Why a 401(k) Rollover?

March 22, 2021

So you’ve left your job, either for a new one, or for retirement. What do you do with your previous employer’s 401(k) plan? Cashing it out is a costly option, as it will result in taxes and penalties for early withdrawal. While you may be able to leave the account as it is, you will not be able to make further contributions or take a loan from the plan. Also, there may be further restrictions and fees if you are no longer an active employee.

Luckily, one of the benefits of a 401(k) is its portability. If you have found a new job, you can decide to rollover your former plan directly into your new company’s plan. However, if your new job does not offer a plan, or has too many rules, a rollover into an individual retirement account (IRA) may be the answer.

A 401(k) rollover that transfers the holdings of the account into an IRA can provide greater benefits after you have left the company:

Old 401(k) Account

Individual Retirement Account

Investment Choice

Limited options which usually means a few mutual funds.

Most types of investments: mutual funds, individual stocks, bonds, ETFs, REITs, etc.

Fees & Costs

Plan administrator charges an annual fee. This is on top of the fees charged by the funds offered in the plan.

More investment choices gives the investor more control over expense ratios and fees.

Roth IRA Rollover

May or may not allow for direct Roth rollovers.


Estate Planning

Usually, the 401(k) balance is paid out in a lump sum which could have major estate taxes imposed on the beneficiary.

Inherited IRAs have more payout options, and will have to be paid out over a longer period of time (10 years).


Former employees may find it difficult to be updated with plan details, changes, or get in touch with the provider.

Required to contact account holders in a timely manner with material information regarding the investments or account.

Roth IRA Rollover    

Similarly, if you are invested in the increasingly popular Roth 401(k), you can roll it over to a Roth IRA. You will find similar benefits to the traditional rollover method, with the continued advantage of tax-free withdrawals in retirement. A traditional 401(k) may also be rolled over to a Roth IRA. Remember, a 401(k) is pre-tax dollars so the amount you convert will be taxable. Though if you expect to be in a lower tax bracket for a particular year, or a higher tax bracket when you retire, you may want to take advantage of this. Check if your plan administrator permits rollovers to a Roth IRA.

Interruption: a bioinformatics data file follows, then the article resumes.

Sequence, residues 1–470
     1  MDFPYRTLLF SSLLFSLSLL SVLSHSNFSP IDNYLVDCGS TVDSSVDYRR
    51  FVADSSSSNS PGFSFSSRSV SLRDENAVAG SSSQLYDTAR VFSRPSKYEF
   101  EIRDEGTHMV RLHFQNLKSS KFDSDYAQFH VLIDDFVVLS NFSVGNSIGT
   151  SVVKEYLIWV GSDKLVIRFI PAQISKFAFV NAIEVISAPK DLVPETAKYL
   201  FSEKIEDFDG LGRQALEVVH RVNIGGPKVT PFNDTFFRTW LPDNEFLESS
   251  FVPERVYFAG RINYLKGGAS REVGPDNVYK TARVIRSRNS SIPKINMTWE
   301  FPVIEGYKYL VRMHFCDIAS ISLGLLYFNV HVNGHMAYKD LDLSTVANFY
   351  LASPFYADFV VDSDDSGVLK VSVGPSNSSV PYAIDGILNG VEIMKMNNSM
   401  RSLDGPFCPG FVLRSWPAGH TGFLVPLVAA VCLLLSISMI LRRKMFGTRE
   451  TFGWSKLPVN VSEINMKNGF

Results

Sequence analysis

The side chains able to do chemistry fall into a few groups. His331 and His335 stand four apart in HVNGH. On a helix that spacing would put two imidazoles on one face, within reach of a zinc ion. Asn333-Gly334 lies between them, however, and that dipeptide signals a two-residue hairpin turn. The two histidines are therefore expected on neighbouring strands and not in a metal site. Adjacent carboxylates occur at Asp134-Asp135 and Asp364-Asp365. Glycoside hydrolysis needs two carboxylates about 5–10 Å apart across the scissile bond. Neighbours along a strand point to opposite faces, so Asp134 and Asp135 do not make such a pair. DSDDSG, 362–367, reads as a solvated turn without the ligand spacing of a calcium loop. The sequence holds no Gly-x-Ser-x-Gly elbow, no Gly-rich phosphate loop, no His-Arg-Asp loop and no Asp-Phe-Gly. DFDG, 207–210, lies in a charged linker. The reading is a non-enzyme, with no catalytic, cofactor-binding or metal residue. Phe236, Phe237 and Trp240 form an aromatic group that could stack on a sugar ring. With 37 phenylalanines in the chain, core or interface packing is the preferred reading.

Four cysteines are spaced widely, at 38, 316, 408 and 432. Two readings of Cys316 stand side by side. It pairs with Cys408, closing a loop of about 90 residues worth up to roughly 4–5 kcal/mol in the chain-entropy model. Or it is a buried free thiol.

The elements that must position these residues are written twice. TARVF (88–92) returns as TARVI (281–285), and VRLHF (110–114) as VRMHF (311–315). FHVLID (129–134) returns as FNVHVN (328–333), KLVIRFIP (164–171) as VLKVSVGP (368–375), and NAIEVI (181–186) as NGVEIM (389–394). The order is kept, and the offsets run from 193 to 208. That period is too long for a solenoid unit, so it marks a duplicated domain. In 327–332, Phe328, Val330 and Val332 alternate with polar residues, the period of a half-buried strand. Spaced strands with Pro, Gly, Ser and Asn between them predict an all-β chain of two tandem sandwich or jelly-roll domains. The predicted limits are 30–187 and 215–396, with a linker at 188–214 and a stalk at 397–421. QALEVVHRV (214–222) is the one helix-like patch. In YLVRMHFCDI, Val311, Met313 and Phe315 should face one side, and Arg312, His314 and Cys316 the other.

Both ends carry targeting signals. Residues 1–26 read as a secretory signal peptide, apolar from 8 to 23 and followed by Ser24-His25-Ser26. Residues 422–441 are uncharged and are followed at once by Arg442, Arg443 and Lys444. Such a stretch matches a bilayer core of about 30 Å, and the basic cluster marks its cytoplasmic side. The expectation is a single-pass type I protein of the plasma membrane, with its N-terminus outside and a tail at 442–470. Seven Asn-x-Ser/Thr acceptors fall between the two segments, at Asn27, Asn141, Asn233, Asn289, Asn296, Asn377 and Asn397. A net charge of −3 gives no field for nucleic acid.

Another convenience of a Roth IRA is that required minimum distributions (RMDs) are not applicable. For both traditional IRAs and 401(k)s, RMDs must begin at age 72. This does not apply to a Roth IRA.

Rolling Over the Assets

A direct rollover is the preferred method to transfer your 401(k) account. To initiate the rollover, complete the required forms by both your plan administrator, and the provider of the IRA. The funds will be moved electronically, or by check to the new account. No taxes will have to be paid on the amount rolled over or its earnings.

An indirect rollover puts you in charge of depositing the money into the new account. There is a 60 day time limit on when the rollover must be completed, and 20% is required to be withheld for taxes. This is for taxes you will owe on the early distribution should you decide to keep the rollover check. Despite this withholding, you must make up the full amount in your deposit to the IRA if you want it to remain tax-deferred. Your withholding will be returned when you file your tax return for the year the rollover took place. These rules make this option a last resort.